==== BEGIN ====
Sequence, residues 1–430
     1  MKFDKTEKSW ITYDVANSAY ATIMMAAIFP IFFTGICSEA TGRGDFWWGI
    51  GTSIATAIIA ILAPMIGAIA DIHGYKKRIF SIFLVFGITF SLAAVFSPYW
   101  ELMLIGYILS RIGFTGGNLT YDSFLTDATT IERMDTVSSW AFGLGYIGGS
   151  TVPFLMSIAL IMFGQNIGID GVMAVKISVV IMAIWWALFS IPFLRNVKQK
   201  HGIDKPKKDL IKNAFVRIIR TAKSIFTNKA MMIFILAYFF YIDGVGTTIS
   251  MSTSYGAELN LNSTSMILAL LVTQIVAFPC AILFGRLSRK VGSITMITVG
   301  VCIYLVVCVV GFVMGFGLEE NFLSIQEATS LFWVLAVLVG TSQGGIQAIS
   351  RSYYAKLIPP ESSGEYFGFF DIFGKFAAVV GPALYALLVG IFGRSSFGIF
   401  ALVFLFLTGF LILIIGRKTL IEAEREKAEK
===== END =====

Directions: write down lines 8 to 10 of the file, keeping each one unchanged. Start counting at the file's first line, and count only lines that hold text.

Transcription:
   301  VCIYLVVCVV GFVMGFGLEE NFLSIQEATS LFWVLAVLVG TSQGGIQAIS
   351  RSYYAKLIPP ESSGEYFGFF DIFGKFAAVV GPALYALLVG IFGRSSFGIF
   401  ALVFLFLTGF LILIIGRKTL IEAEREKAEK